It depends on the overall installation size. If your cluster is already large, it may be better to use beefier machines rather than expand it further. BEAM scales well on a single node. In the past we were running registration flow with 4 machines, 2 for redundancy purposes, and a single node serving registrations for > 500M users. Servers were serious, 768G RAM, dual-socket motherboards, 56 cores.
Realistically hardware selection is often limited to what the underlying infrastructure can provide. Your cloud provider may have very narrow list. It often makes sense to find best BEAM settings for specific hoster to achieve necessary performance
Smallest things I use are 2-core 4gig ram VM’s, largest thing I run is a 32-core 64gig ram dedicated server monstrosity (build server), and many things in between, lol. Just depends on the purpose. Most things I build are so extremely fast enough that the low end is more than sufficient even under pretty large load.
I am hoping to get a 128GB 32 core box at some point - when I have an app that needs it (current machines are 64gb hexacores, but not running any Erlang apps yet hence holding off on getting beefier servers).
What kind of hard drives do you use Maxim? I guess SSDs?
I’ve never really seen the appeal of VMs or cloud hosting, think I got put off when friends used to use cloud hosting and availability and responsiveness of their apps seemed to be a bit hit or miss. Plus dedicated servers are a lot cheaper now (which I know you’re also a fan of )
Yeah, very few apps need the power of something like Whapsapp
Are you running on bare metal somewhere then? It’s hard to convince people that perhaps VMs and containers aren’t absolutely necessary for all things and I’m really interested in hearing about alternatives that aren’t legacy projects. Maybe I’m just off in a bubble though.
Yep, I have a number of dedicated servers - and the great thing about them is you can run several apps/sites and in multiple languages, all on the same server. This server for instance will eventually run a PHP app (Wordpress blog) Ruby sites (including some via mod_ruby and some, like these forums, via Docker) and an Erlang/Elixir app. Use something like HAProxy makes that easier.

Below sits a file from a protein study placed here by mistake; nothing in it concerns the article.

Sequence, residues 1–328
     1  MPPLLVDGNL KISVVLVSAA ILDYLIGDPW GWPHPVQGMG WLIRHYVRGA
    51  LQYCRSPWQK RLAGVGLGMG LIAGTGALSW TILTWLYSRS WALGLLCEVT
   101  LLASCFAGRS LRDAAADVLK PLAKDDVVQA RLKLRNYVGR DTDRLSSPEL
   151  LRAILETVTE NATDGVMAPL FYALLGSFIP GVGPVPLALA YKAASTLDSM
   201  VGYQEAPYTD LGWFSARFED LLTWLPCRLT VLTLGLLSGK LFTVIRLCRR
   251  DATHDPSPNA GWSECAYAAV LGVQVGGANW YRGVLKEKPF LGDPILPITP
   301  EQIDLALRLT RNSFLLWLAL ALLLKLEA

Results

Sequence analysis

When I started hosting sites the choices were ‘hosting packages’ (ftp based/non-ssh packages on servers running hosting software like CPanel ) VPS (shared parts of servers - usually a server split into 4) and dedicated servers. There weren’t any cloud services, or at least they weren’t popular.
Back then dedicated servers were the most expensive option, and if your site grew relatively large it was your only real option. The other downside was (and I guess still is) is that you needed to learn sys-admin, although many dedicated server companies also offered managed servers (which is how I got started).
I believe @OvermindDL1’s story was similar to mine - we didn’t have much choice but to use dedicated servers and now can’t really see using anything else - although they started out being the most expensive option, now they are significantly cheaper than cloud hosting for any relatively big/busy site.
They are both cheap and still let me run whatever I want, never seen issues with performance on them at the provider I use at least, whatever I pay for of power always seems to be exactly what I get, doesn’t seem to throttle down at any point even with 11 hour long compiles, lol.
But yeah, dedicated big servers for my big work for sure.
Ugh no, shared hosting packages are utter garbage, they are never worth it unless you’re hosting static content for low count of consumers.
Haha class! The funny thing is I even looked into setting up my own little server farm but the cost of a leased line was prohibitive, plus you would need to consider redundancy measures like back-up generators, a secondary leased line as a back up etc.
I would definitely like to co-locate one day, it seems wasteful merely ‘renting’ a server…